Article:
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Since I was still a snotty, coughing bag of infection yesterday, I spent most of it propped up in bed, listening to the Beyond Belief II lectures.

I found the discussion of reductionism by the last three speakers on Wednesday to be pretty interesting. They start at about 2:43 with Stuart Kauffman, followed by Sean Carroll and David Albert.

The basic dispute had to do with whether or not, in theory, it would be possible to describe macro-level phenomenon like love, or the function of a beating heart, in terms of physical interactions at the atomic or subatomic level. Kauffman argued no, that there are properties involved in higher-level phenomenon that aren't captured by the lower-level descriptions, that come about via emergence. Carroll and Albert argued yes, but that it wouldn't be very practical.

I particularly liked Albert's talk about the Copenhagen Interpretation of quantum physics, that our inability to know the direction and velocity of a particle at the same time, says something about the theoretical limits of our knowledge, rather than the current practical limits of our knowledge. Albert argues that such an interpretation is silly (Einstein was one of the sole dissenters), and marvels at how it has been so popular and so widely misused.

The whole batch of talks reminded me of David Marr's levels of analysis, which are different levels at which to talk about and study cognition, from lower-level neural implementation to higher-level algorithmic descriptions.

The whole discussion is really an open question about the ultimate nature of the universe and our ability to understand it, so a definitive answer just isn't going to be there. The reductionist paradigm, assuming that the universe is ultimately causal and naturalistic, has been a huge success. Kauffman basically thinks we're going to get to a point (or have already gotten to a point) where those assumptions break down. Albert and Carroll think we need to keep making those assumptions and just keep working. I think they make a good case that people who have argued along the lines of Kauffman in the past have been put in their place as new theories arise, and that it's premature to talk about theoretical limits to our knowledge.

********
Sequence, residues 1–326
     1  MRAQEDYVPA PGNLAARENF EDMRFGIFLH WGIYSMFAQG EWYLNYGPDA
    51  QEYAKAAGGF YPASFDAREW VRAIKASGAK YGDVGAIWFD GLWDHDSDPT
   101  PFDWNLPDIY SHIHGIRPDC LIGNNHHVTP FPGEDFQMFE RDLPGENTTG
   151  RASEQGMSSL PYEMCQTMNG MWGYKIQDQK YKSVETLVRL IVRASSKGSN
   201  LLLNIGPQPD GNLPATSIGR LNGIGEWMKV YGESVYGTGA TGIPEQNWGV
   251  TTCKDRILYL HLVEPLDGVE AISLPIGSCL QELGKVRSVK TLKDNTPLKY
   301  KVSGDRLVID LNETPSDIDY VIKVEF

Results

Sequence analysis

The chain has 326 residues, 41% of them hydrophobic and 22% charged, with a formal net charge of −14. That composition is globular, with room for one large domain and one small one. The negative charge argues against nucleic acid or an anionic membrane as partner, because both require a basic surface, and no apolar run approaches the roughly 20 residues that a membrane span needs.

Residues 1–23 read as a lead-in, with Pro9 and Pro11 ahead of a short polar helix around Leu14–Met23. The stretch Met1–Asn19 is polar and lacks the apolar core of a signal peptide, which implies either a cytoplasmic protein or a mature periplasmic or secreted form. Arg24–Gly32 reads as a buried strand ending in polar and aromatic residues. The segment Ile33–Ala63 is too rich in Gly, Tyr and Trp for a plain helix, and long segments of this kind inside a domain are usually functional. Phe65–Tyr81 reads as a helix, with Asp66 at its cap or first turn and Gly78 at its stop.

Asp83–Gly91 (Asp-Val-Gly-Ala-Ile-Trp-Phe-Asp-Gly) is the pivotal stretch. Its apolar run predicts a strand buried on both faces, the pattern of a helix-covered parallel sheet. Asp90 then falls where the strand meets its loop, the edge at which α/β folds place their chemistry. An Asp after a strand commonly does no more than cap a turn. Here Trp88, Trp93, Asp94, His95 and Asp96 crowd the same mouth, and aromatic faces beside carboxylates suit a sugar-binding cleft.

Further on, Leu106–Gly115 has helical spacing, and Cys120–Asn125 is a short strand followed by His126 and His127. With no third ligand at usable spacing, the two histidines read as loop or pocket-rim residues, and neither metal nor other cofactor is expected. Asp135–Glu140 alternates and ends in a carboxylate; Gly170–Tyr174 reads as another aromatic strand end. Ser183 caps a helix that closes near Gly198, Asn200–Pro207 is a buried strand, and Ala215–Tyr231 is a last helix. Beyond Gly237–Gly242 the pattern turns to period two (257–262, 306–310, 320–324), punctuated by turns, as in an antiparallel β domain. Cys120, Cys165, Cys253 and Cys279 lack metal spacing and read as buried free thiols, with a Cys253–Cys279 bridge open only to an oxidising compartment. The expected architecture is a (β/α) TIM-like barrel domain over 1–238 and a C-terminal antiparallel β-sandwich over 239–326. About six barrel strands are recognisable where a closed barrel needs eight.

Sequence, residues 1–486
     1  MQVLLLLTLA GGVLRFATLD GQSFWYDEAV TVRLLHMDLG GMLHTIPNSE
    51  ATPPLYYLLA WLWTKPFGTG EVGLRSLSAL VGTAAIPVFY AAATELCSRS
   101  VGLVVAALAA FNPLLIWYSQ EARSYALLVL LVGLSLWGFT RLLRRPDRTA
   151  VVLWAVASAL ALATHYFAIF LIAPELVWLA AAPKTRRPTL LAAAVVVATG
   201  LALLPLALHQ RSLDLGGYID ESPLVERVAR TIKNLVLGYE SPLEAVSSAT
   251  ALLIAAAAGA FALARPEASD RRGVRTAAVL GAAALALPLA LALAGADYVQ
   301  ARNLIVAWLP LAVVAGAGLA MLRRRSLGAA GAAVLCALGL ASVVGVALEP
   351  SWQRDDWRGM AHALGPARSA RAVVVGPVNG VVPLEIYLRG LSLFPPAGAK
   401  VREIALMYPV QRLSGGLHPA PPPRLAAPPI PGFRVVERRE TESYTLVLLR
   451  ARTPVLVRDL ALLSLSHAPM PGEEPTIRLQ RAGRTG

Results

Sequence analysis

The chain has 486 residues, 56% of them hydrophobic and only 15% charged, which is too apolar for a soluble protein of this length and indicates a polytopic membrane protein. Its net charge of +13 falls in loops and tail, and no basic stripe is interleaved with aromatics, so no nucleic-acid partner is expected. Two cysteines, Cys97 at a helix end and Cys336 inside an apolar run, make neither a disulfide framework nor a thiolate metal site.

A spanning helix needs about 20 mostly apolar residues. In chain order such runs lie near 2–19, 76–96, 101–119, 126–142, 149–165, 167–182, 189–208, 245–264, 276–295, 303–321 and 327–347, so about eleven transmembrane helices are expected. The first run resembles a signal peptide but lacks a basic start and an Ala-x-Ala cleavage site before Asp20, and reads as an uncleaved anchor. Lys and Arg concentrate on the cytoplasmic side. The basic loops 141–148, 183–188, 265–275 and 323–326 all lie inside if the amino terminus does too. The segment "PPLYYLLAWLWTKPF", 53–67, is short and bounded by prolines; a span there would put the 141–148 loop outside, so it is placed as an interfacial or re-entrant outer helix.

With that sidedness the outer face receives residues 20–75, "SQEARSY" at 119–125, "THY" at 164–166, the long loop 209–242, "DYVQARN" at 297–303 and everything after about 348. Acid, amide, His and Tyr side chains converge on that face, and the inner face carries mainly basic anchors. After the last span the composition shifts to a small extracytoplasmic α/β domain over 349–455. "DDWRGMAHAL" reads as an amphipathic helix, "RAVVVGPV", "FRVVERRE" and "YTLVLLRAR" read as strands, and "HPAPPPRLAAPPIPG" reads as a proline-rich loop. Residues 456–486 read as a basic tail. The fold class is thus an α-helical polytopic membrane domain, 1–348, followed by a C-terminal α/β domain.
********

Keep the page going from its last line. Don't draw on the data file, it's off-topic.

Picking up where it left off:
Reductionists often get depicted in a straw man version as those who think the stock market can be explained in terms of particle physics. Instead, I'd say that higher-level abstract concepts are necessary to talk about macro-level phenomena, because they are an efficient way to chunk up all the lower-level phenomena they encompass. But the big difference is that the non-reductionist seems to think there's some other "stuff" that comes out of the higher-level interactions, while the reductionist simply thinks that there are no new properties emerging, but just more complicated interactions that need to use higher-level concepts to describe them. And I guess that would put me in Albert and Carroll's camp and make me a reductionist.

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